One of the most interesting features of the Cadence Open Integration
Platform, introduced May 5 at the CDNLive!
EMEA conference, is that it offers a new view of how silicon IP should be
provided. In fact, the term "silicon IP" may have to be revised, because we're
now talking about an "IP stack" that includes device driver software along with
a verification environment. Why would SoC integrators want such a stack? I'll
explain in a moment, but let's set some context first.
The recent EDA360 vision
paper notes that many design teams are focusing on IP integration as much
as, or more than, design creation. The traditional EDA market focuses on design
creators. Integrators have their own needs, but except for a few point tools,
those needs have rarely been directly addressed. The Open Integration Platform is
a combination of tools, services, and IP aimed at supporting SoC integration.
The end goal is what the EDA360 paper calls SoC Realization, which is the
successful completion of an SoC ready for system integration.
A Look at the Open
The diagram below gives a quick overview of the Open
Integration Platform. It starts with an Integration Design Environment, which
includes a combination of Cadence design and verification tools selected by the
customer. Tools such as the Cadence
Chip Planning System will especially appeal to integrators. The platform is
built on open standards, and internal and third-party tools can be added to the
Integration-optimized IP, in the form of the "stacks" I'll
discuss in a moment, will be provided by Cadence in conjunction with its IP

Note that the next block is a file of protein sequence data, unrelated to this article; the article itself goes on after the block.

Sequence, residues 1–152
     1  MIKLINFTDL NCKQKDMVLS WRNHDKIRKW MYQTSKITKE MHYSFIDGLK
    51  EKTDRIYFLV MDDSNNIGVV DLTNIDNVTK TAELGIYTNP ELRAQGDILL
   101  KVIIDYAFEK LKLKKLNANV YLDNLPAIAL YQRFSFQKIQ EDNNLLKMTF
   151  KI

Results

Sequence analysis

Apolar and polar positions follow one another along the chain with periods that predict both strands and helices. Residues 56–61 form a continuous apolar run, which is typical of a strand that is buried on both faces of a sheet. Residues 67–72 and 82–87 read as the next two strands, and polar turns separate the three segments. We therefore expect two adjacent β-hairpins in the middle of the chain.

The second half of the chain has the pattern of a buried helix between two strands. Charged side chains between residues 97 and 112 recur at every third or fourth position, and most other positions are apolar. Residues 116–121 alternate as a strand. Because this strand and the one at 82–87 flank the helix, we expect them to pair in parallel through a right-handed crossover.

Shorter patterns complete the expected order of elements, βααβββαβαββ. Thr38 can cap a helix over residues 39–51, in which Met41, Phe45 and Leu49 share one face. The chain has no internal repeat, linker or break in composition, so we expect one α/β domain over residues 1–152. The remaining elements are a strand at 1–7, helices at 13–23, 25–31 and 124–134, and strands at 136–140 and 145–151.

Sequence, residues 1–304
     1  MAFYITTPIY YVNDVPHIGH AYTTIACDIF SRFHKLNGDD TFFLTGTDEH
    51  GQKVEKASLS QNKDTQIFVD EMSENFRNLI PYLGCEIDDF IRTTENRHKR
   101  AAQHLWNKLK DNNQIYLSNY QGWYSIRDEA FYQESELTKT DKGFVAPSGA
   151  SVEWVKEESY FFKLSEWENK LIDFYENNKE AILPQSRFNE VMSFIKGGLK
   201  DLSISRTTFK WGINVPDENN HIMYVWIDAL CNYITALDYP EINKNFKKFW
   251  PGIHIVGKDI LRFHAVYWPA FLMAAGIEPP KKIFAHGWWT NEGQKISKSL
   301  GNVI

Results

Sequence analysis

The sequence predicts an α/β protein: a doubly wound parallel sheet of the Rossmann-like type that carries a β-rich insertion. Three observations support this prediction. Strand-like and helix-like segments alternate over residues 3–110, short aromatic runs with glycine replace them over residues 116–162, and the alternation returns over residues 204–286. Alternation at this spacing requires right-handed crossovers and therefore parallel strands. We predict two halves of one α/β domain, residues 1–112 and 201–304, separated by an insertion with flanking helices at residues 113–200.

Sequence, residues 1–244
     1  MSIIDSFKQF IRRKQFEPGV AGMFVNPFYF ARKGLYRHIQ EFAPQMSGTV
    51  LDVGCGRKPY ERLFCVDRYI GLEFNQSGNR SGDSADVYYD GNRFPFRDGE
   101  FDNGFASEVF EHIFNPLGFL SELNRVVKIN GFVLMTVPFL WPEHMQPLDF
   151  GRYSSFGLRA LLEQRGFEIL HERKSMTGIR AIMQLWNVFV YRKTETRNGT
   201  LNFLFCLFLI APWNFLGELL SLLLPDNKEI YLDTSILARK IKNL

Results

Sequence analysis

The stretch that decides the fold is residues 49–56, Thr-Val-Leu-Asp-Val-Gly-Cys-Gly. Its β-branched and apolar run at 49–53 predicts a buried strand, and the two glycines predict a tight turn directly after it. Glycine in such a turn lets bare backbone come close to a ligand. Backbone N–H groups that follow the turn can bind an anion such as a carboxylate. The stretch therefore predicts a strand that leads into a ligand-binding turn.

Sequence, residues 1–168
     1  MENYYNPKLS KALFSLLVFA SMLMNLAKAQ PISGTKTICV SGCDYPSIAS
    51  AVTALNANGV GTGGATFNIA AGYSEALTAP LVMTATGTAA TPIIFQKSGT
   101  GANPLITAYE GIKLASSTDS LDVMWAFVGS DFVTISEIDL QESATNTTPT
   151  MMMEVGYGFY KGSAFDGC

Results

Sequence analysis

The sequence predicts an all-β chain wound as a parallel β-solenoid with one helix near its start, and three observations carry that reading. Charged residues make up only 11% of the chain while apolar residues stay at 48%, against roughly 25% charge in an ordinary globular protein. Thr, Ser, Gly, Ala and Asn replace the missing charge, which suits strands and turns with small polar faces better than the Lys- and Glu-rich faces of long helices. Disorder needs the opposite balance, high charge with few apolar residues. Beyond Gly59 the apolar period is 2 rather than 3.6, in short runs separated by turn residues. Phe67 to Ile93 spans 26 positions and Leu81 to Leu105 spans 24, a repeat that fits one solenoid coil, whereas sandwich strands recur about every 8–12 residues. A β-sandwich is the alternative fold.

partners. By working with partners and internal resources, Cadence will
assemble IP blocks and drivers into IP stacks and subsystems, run compliance
tests, and ensure quality and ease of integration. Cadence currently has an
IP (VIP) business, and VIP is part of the IP stacks.
For customers with special requirements, Cadence services
teams will help identify IP offerings and build customized design environments
that support specific integration needs. Finally, optimized design data will be
output to a foundry or ASIC provider.
The IP Stack
A view of an IP stack is shown below. It includes a driver,
controller, physical components (hard macros), a verification environment, and
design constraints. The first IP stack introduced by Cadence is a USB 3.0
solution that includes a configured host or device controller, PHY, VIP, and
driver. Over time, Cadence will assemble IP stacks into subsystems, such as a
high-speed I/O subsystem.
SuperSpeed USB 3.0 IP stack
So why include the driver? Consider how drivers are
typically developed. Normally the IP is built first and the driver is tacked on
later, usually by someone with little knowledge of the hardware, or perhaps by
a hardware person with little understanding of the OS. The result may be a very
expensive, custom driver development effort. Conversely, system integrators may
purchase a generic driver that doesn't support the differentiating capabilities
of the hardware.
Drivers are important because they allow the OS and the end
applications to manage system hardware. Thus, they should accurately represent
the capabilities of the hardware. That's especially true if the hardware is
reconfigurable. It would be great if an application could dynamically invoke
exactly the hardware resources it needs.
Design and verification constraints are also an important
part of the IP stack. Without an understanding of those constraints, the
integration task will be much more difficult.
There aren't many genuinely new ideas in EDA and IP, but I
think the IP stack is one of them. It will be interesting to see how it impacts
the SoC design ecosystem.